Human factors affect how likely people are to get injured—by making them less attentive to the hazards around them, for example—and as the human factors fluctuate throughout the day, so does the risk of injury. In one moment, a worker may be completely focused on the task at hand and then, in the next, their attention may be interrupted by a co-worker, a loud noise or a nagging thought.
It’s not just small, incidental occurrences that can cause human factors to ebb and flow. Large-scale issues like COVID-19 and other massive societal concerns can dramatically alter the effects of human factors, and, in some cases, even introduce new human factors in the workplace. One of the basic facts about human factors is that they’re never constant. Physical and psychological states like frustration, confusion and distraction fluctuate in real time.
During pandemics, human factors tend to spike and stay at a relative high level—unless companies take strides to rein them in. Here’s a list of several human factors that are likely to be heightened, which means they’ll have a serious impact on workplace safety. There’s also a discussion at the end about what safety professionals can (and can’t) do to mitigate the effects of human factors caused by the coronavirus.
It’s worth noting that the states of mind and body listed below are all in addition to the run-of-the-mill human factors that typically affect workers. As you read, keep in mind that commonly occurring states don’t go away just because there’s a public health emergency.
Fear is a double-edged sword. In some cases, a healthy dose of fear can actually improve workplace safety. As Cheri Genereaux points out in the article “Ten Feet Tall and Falling”, when a big, scary, visible hazard is present in the workplace then people are likely to be aware of it and, as a result, much less at risk of being injured by it. Their fear of it will center their focus and kill off their complacency.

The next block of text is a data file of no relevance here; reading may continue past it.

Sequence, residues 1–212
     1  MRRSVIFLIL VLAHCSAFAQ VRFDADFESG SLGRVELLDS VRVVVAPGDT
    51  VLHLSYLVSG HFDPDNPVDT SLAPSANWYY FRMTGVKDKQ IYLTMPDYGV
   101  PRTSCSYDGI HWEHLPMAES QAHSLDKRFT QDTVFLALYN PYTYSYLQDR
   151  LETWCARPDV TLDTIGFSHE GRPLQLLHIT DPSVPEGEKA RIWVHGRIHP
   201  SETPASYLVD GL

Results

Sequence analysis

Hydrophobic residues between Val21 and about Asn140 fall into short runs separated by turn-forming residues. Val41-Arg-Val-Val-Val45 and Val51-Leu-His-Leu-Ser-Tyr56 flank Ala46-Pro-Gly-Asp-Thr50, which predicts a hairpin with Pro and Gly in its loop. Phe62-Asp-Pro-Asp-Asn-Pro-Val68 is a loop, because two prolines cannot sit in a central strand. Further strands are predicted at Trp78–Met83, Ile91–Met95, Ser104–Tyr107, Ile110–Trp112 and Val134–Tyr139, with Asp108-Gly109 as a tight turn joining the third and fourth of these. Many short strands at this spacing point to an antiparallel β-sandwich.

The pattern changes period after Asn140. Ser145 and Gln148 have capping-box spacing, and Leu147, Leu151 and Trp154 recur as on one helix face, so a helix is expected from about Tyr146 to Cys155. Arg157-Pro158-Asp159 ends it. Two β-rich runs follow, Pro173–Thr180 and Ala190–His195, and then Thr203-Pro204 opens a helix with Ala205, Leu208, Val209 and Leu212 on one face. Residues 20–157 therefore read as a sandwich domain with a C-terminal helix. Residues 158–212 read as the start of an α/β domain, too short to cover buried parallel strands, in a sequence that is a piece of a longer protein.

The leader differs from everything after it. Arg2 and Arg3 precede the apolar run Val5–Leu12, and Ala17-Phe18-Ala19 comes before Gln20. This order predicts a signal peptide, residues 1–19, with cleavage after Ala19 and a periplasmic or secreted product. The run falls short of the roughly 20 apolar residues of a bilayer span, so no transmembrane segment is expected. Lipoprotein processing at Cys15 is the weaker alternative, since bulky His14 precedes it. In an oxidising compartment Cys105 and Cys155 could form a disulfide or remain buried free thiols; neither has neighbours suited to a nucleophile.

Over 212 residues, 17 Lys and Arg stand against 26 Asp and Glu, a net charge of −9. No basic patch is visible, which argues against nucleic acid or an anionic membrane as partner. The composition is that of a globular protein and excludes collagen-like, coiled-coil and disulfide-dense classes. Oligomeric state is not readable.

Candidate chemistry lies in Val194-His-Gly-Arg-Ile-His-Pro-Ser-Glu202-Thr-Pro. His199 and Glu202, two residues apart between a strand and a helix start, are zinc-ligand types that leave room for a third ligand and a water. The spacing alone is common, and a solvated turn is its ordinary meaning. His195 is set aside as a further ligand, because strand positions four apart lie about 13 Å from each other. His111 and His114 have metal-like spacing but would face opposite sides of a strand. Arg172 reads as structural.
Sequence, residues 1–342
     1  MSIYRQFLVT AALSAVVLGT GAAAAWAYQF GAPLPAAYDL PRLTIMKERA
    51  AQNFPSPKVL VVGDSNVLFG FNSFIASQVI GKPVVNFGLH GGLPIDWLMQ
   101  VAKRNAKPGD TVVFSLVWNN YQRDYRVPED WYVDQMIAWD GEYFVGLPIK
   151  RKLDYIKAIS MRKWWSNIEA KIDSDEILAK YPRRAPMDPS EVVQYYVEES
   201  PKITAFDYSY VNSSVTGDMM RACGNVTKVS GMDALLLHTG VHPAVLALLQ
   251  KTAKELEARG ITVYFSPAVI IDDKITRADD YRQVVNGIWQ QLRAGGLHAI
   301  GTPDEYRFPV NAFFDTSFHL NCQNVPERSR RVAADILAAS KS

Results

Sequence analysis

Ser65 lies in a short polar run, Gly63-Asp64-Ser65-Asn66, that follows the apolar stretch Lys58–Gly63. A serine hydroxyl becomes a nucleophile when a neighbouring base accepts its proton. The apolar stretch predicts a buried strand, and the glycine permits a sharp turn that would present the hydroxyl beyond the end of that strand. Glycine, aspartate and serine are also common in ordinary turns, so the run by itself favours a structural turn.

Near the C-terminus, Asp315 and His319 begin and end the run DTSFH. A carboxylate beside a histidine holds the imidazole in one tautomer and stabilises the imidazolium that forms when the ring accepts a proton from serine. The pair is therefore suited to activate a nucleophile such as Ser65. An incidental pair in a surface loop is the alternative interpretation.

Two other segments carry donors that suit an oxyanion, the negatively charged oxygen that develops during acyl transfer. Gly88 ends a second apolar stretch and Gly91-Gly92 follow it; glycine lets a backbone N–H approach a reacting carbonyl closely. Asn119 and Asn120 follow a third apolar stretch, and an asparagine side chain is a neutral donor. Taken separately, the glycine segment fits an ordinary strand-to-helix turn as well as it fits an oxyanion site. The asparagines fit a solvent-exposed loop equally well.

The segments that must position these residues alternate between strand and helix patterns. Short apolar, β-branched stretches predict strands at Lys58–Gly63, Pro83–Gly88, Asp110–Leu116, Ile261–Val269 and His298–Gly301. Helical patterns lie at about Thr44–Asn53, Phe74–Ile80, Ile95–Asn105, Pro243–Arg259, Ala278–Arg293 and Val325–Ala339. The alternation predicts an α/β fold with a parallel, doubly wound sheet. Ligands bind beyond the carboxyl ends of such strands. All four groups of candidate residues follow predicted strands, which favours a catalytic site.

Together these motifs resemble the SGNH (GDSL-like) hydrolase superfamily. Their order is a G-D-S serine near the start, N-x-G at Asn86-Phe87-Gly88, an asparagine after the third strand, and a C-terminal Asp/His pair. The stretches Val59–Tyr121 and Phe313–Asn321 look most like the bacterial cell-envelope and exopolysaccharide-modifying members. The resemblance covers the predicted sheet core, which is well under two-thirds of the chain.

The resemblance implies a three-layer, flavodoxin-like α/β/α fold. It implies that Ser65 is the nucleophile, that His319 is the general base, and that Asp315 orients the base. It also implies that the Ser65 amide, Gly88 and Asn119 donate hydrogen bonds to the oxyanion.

But in other instances, fear can lead to erratic or unpredictable decision-making. The fear of contracting COVID-19 may also cause workers to appear standoffish, unsociable, and less willing to step in to help fellow co-workers. And employees may be so focused on avoiding contact with others that they’ll be less attuned to the dangers of familiar physical hazards.
The news seems to change by the hour—how many people are sick or dead, which states plan on re-opening and in what capacity, and which politician is arguing for a particular policy aimed at curbing the societal damage of the coronavirus.
Personal distractions also abound for many people, from a spouse’s job insecurity to juggling child care and worries about the health of vulnerable family members.
It’s impossible not to be consumed by personal distractions these days. But just because it’s an understandable state of affairs doesn’t mean it’s any less dangerous. Safety professionals in every industry should be aware that the vast majority of their workforce is much more distracted than normal.
While it may not be the most obvious concern, chronic stress can dramatically alter how people act in the workplace (and it can exacerbate other human factors too). It affects the way workers process information, make safety decisions, and can even affect routine behaviors and habits like wearing PPE.
Stress may be hard to recognize because it can often be invisible, or else its symptoms may appear to be signs of other human factors, like frustration, fatigue or illness. But that just makes stress all the more difficult to address. All told, stress is among the serious safety issues caused by COVID-19.
One of the reasons human factors are so insidious is that they compound in multiple ways. Not only do their effects stack on top of one another—it’s more dangerous to be distracted and rushing than it is to be distracted and working at a normal pace—but one human factor can also be the catalyst to cause more to occur. This is particularly true when it comes to fatigue.
A common symptom of fear, stress and general uncertainty about the future is to have trouble sleeping—subsequently causing fatigue. Which leads to millions of people showing up at work in states of stress, fatigue and fear. If you’re counting, that’s three different risk-elevating states of mind that are affecting employees before they punch in for their shift.